Prominent grassroots mobiliser and activist, Hamzat Lawal, has shared insights on building resilient non-profit organisations in Africa. Lawal shared the insights while responding to questions from the host of a fireside chat, Kalada Belema Meshack-Hart, at the ongoing 5th African Women Summit in Nairobi, Kenya on the 8th of May, 2024.

Speaking at a session titled “How to Build Resilient Non-Profit Organisations,” Lawal captivated the audience with his personal experiences and insights on how he started the Follow The Money movement, which is now operational in 12 African countries. The Malala Fund Education campaigner who is also the Chief Executive of Connected Development (CODE), said: ”In 2010, there was lead poisoning in Zamfara state, north-west, Nigeria. And, at that time, it was reported that over 400 children had died due to artisanal mining.

”In 2012, I was struggling to get information and knowledge of how the government responded, because it was declared a national emergency at that time. Then, I was 24 years old. So, I went to the Ministry of Health, the Ministry of Mines, and the Ministry of Environment. And, all the officials kept asking me ‘Who are you? who sent you? Why are you asking?”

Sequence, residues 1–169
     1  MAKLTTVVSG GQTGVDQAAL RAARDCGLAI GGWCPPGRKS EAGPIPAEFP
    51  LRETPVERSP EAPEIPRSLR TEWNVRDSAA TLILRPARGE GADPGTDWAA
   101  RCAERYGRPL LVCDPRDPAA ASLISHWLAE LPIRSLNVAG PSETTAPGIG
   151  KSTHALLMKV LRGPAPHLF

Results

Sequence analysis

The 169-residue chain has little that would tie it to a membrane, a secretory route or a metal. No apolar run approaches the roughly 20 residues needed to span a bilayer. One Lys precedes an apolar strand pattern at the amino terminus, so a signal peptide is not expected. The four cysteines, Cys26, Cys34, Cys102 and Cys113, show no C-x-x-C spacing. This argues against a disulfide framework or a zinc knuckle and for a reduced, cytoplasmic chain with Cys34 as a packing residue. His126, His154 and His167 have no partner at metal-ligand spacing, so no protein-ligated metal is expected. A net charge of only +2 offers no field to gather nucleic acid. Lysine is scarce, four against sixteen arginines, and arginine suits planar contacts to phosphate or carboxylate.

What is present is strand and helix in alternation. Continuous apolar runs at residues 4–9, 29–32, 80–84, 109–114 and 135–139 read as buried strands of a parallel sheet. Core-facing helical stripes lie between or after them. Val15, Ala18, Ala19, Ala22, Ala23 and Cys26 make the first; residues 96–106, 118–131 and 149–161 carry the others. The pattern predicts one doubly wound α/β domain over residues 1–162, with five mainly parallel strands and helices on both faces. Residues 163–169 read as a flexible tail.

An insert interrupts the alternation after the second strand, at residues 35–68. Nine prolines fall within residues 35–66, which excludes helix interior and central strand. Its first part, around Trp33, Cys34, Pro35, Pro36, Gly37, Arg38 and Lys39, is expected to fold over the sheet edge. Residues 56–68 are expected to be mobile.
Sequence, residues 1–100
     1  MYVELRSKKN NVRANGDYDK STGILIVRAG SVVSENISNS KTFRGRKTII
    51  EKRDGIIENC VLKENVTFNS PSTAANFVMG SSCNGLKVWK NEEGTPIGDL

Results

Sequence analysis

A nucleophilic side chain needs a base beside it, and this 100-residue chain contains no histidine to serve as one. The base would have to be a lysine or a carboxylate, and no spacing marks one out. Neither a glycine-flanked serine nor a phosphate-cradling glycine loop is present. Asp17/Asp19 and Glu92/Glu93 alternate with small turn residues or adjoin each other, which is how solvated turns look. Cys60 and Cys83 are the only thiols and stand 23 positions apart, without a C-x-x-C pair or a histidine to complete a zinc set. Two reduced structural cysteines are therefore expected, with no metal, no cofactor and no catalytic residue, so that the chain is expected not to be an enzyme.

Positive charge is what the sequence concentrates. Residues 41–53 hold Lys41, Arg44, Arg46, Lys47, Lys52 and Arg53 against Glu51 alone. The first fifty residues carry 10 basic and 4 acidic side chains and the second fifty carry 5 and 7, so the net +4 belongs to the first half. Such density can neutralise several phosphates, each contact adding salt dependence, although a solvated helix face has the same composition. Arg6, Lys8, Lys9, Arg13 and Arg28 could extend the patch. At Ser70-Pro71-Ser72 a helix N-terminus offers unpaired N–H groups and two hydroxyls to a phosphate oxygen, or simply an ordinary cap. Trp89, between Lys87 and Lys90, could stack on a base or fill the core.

”So, I took a risk, I embarked on a trip from Abuja to Gusau (capital of Zamfara), to Anka, and then to Bagega, which in total took me 18 hours. And at that time, when I got there, I found out that over 700 children died, so it was under-reported. No single cent of the millions of dollars that was approved got to this community. So, I started a campaign with a hashtag. we started the Twitter hashtag campaign. The name of the community is Bagega. So, what we did was we created a hashtag called #SaveBagega.”

”We started with Twitter, and from there it went to Facebook, and interestingly, in less than 48 hours, something that started on social media found its way to Al Jazeera, BBC, DW and CNN. In 72 hours, the president at that time responded and said they had seen our campaign and they have now approved the sum of $5.3 million.”

Lawal reiterated the significance of social media as a catalyst for advocacy and brand resilience, urging participants to be conscious of the need for consistency in messaging and strategic hashtag utilisation. ”It allows you to know how many people have seen your hashtags, the impact and how many people engaging it. So when you write proposals, you can talk about your reach digitally,” he noted. He also stated that digital storytelling and leveraging free online platforms are important to amplify marginalised voices and hold institutions accountable.

In addressing the pitfalls that non-profits must navigate, Lawal emphasised the importance of robust governance structures, stakeholder engagement, and succession planning. ”Now, we are in a phase where we are thinking about building an endowment. The succession plan is the biggest elephant in the room. ”I want to leave the organisation in such a way that they have a lot of human capital and financial resources, but most importantly, something to always fall back to,” he added.

Lawal is also attending the All Africa Media Leaders Summit 2024 while closely monitoring and engaging with a wide range of consultations on the ongoing 2024 UN Civil Society Conference ahead of the Summit of The Future in September as an SDGs Award-winning campaigner.

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